Top the “frosted” husk with a few tablespoons (or generous forks-full) of shredded meat, right down the middle, leaving 1/2″ of plain masa at the top and bottom.
Start rolling the tamale on the “non-border” side. Roll it all the way up, then fold the narrow end up toward the wide end to seal the bottom. A gentle “squish” at the top will seal the meat filling inside the masa. Set the formed tamales aside on a cookie sheet, folded-up tail downward, and keep forming tamales.
The tamales need to be steamed, rather than baked; the moist heat allows the moisture in the masa to cook the dough to a creamy consistency. If you have a steamer rack, use one. You don’t want the bases of the tamales sitting in liquid. If you don’t have a steamer rack, improvise like I do. Set a disposable pie tin, poked through a bunch of times with a pencil, on top of small bowls upside down in the pot. This lets the water boil below the tin, so you can steam tamales without an official steamer rack.
I’m putting a steamer rack on my list, though. It would be easier.
I use my pressure cooker, with the lid set on but not slid over or latched. It seems that the gasket on the cooker makes for a faster cooking time. However, if you lack a pressure cooker, use a large pot, and put a dishtowel between the pot and lid to give a more complete seal.
Simply load the tamales in vertically, with the sealed bottoms down. Steam for 25-35 minutes or so, making sure to keep the pot from boiling dry. Test the tamales by unwrapping one slightly; when the tamale is cooked, the masa will come easily away from the husk.
They’ll also stay hot for quite a while out of the steamer, so if you’re headed off somewhere in the cold weather, tamales make a great take-along food.
You can! It’s the best way to take advantage of the tedium: make a huge batch, and freeze the extras for another night, or a party, etc.
Do it one of two ways:
- Steam the tamales first, then cool, wrap in foil in pairs or individually, and bag for the freezer. Be sure to mark what kind are in the bag. Tamale surprise is not always nice. To re-heat them, microwave.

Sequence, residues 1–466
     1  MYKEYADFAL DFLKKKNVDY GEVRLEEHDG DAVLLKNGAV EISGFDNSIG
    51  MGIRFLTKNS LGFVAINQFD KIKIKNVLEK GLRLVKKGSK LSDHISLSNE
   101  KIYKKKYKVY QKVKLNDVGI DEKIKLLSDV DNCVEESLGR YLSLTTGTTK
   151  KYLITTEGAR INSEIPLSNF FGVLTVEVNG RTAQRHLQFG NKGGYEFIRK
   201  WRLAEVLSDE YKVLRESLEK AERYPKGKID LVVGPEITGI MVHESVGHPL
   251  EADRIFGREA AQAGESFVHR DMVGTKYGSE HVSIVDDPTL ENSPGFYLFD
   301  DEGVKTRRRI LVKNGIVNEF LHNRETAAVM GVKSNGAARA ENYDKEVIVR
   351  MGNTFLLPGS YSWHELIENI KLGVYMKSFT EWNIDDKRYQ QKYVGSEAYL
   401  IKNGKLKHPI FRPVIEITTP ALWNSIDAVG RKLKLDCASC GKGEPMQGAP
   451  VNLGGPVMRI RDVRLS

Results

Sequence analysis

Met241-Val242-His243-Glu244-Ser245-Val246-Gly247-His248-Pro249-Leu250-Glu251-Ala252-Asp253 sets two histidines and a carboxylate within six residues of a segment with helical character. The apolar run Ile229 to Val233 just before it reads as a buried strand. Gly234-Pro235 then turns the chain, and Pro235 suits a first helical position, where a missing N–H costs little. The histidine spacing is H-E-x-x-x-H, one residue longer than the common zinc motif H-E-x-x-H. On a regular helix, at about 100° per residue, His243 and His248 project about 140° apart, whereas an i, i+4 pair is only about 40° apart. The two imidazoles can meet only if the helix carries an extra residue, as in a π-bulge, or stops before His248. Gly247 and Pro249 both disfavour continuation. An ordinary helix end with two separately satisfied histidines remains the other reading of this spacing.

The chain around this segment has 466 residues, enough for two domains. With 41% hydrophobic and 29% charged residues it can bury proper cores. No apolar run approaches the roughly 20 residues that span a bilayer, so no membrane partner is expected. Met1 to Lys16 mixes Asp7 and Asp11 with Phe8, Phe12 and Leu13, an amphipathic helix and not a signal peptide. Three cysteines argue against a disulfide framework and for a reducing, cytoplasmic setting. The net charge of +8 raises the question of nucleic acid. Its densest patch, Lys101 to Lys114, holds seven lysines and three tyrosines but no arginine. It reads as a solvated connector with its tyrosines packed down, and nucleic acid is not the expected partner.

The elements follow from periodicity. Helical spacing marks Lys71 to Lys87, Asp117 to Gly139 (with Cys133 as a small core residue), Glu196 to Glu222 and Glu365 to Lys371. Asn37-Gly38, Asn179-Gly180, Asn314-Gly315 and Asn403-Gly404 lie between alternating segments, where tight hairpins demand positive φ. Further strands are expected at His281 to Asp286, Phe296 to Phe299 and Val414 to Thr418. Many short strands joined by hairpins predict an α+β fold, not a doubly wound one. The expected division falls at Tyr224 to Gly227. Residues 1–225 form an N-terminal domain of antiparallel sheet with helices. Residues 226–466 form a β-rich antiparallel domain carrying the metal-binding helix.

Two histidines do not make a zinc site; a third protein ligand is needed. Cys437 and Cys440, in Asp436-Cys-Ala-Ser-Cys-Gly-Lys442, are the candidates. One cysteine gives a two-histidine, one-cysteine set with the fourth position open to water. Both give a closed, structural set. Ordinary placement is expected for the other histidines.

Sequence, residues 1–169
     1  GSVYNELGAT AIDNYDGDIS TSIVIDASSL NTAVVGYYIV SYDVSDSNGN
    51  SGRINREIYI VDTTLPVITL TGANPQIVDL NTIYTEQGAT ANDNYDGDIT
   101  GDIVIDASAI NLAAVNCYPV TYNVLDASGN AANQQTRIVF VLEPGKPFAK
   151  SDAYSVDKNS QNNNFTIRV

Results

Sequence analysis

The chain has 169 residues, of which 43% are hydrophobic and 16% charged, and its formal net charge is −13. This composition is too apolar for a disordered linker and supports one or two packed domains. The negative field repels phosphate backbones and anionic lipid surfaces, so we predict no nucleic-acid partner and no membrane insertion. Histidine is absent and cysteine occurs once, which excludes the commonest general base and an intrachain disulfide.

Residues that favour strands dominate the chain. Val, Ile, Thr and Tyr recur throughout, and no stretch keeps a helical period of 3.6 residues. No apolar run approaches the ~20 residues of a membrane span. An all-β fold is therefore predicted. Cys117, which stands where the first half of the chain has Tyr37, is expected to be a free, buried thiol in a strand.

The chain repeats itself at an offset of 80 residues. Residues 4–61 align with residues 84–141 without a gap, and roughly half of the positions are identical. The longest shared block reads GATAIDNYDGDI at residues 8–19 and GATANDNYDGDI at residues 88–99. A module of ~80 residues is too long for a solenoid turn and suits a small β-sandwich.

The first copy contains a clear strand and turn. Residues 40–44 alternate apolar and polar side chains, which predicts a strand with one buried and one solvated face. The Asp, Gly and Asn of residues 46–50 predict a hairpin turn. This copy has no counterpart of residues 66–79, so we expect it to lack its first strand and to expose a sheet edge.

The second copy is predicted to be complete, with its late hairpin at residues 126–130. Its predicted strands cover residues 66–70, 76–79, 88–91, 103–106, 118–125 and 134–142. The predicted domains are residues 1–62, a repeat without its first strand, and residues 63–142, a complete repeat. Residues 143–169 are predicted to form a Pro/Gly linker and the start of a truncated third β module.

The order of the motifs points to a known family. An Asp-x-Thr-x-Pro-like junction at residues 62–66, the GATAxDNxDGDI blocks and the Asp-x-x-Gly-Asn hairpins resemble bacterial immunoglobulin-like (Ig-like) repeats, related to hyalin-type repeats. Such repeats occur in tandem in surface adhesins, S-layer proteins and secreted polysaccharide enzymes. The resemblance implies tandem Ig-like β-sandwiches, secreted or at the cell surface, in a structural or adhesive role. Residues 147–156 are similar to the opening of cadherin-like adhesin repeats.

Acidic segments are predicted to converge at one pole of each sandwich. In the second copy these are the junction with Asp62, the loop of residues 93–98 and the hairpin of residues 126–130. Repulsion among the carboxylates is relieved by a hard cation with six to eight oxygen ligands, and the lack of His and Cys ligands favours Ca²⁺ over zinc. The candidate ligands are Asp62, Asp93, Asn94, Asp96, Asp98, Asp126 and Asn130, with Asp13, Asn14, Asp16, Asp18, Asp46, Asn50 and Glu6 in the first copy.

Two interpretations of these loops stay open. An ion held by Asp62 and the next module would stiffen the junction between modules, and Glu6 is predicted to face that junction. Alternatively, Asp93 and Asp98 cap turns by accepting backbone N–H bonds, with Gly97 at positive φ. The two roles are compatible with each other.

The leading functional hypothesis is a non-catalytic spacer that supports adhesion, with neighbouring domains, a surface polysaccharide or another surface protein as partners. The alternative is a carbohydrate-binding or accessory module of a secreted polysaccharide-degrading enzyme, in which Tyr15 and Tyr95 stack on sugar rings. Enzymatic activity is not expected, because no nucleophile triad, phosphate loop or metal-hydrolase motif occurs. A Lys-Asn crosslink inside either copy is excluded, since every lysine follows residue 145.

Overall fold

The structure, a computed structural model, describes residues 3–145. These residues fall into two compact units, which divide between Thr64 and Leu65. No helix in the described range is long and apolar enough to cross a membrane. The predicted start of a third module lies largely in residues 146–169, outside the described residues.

- Form, wrap, and freeze them uncooked. To cook and heat, steam them as if they were fresh, but add 10 minutes to the time.
- Popper Tamales: beat 8 oz cream cheese or neuf chatal cheese with a can of mild green chiles (plus some of the juice), or 8-9 fine-chopped pepperoncini. Load the cheese mixture into a zip-loc style plastic bag, cut one corner off, and pipe a fat bead of cheese down the middle of the masa. Form and steam. These taste like really good cream cheese-stuffed peppers. (Use a half-batch of the masa proportions above.)
- Shredded Beef & Cheese: 1.5 pounds shredded beef roast, garlic and red pepper flakes to taste, about 1 tsp cumin, 2 oz sharp cheddar cheese (shredded), 3 oz manchego cheese (shredded). Assemble and steam as for the pork tamales.
- Chicken & Cheese: use thighs for the best flavor
- Meat and Green Chile: Mix your favorite shredded meat with canned green chiles, and a bit of sour cream if you like, plus spices as desired. I like cumin, my Tall, Dark, and Slightly Neanderthal husband does not. I occasionally cater to him.
- Meat and mole: Mix your favorite shredded meat with your favorite mole sauce, assemble and steam.
- Dessert: I’ve not tried it yet, but I’d like to make the masa with apple juice and a bit of cinnamon and citrus rind, then fill the middles with sauteed apples or pears, for a dessert tamale.
- Mini Males: Your favorite version, made half-size for tasty party nibbles. We love nibbles.
On-line searches will find dozens of different tamale filling ideas. We may work our way through them all over the course of the winter.
Now, if you’ll excuse me, we’re eating tamales for dinner tonight.